Juggling the coexistence of registered and unregistered trademark rights on Italian family names in the wine industry is a centuries-old practice which the courts appear uninterested in changing

This article first appeared in World Trademark Review magazine issue 69, published by The IP Media Group. To view the issue in full, please go to http://www.worldtrademarkreview.com

Italy’s tradition for wine production (and consumption) is a well-known fact.
Historically, winemaking has often been a family business. It is unsurprising then that most winemakers have used family names to distinguish their products. However, since smaller and less-industrialised wineries have seldom bothered to register their marks and wine labelling restrictions are abundant, the industry is plagued with contentious trademark issues.
Fortunately, unregistered trademarks can be protected in Italy. However, this varies according to the nature and extent of the mark’s prior use, including a qualified reputation and the extent of its awareness.
In several recent decisions, the courts have resorted to surprising interpretations in order to confirm that in certain circumstances the coexistence of identical marks comprising a family name is legal,
beyond the traditional notion of consumer confusion under trademark law.
The protection of unregistered trademarks falls under Article 2598 of the Civil Code regulating unfair competition, which affords protection only where an identical or similar mark is used by a competitor in such a way as to create a risk of confusion among consumers.
Under Legislative Decree 30/2005, a rights holder may continue use of a prior unregistered trademark in the presence of a subsequent registered trademark and may even seek to bar the use and registration of the later mark. Specifically, Article 12 1(a) of the Industrial Property Code provides that a sign cannot be registered as a trademark if an identical or confusingly similar unregistered sign exists for the same or similar goods or services and there is a likelihood of confusion. However, the same provision goes on to clarify that where the prior unregistered mark does not enjoy a qualified reputation or if that reputation is only local, it will not bar a subsequent trademark registration and the two marks will factually coexist, with the unregistered mark limited to use within its local jurisdiction only. Therefore, the most critical aspect for determining the scope of protection for unregistered trademarks lies in establishing whether such marks have a qualified reputation beyond local use.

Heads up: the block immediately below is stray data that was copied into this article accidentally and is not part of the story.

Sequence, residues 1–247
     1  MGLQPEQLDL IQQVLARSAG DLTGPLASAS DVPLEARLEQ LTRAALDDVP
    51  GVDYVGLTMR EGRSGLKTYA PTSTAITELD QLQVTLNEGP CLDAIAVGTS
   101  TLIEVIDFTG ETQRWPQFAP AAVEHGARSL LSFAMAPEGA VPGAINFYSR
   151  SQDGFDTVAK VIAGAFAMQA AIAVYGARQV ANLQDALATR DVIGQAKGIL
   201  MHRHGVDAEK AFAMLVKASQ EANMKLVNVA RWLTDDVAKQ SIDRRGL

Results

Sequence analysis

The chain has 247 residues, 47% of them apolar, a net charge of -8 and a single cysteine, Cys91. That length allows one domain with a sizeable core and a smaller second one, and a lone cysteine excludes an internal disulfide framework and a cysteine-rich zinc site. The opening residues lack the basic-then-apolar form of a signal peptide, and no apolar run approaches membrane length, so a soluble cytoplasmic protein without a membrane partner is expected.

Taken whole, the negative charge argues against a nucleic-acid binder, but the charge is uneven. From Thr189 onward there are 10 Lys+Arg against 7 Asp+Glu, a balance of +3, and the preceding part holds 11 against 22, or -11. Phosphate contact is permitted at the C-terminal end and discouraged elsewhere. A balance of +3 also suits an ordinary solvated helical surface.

Pursuant to Article 28 of the Industrial Property Code, only registered trademarks benefit from the principle of acquiescence:
“The proprietor of an earlier trademark… and the owner of a right of prior use that is known not only locally, who for five consecutive years has been aware of and tolerated the use of a registered identical or similar trade mark, may not seek a declaration of invalidity of the later registered mark or oppose its use on the basis of its earlier trade mark.”
Evidently, in order to qualify for protection beyond the restrictions of continued local use and benefit from nationwide rights, rights holders must prove that use and knowledge of their earlier trademark is effective, distinctive and not merely local.

ROAGNA: a 20-year vintage
On April 18 2016, in a case involving two winemakers operating in neighbouring municipalities under the same surname and unregistered trademark ROAGNA, the Court of Turin found no infringement and ruled to allow the coexistence of the identical marks on the grounds that concurrent use had lasted for over 20 years without reciprocal objections or apparent confusion in the market. To reach this decision, the court took a clear but surprising position on three issues regarding unregistered marks.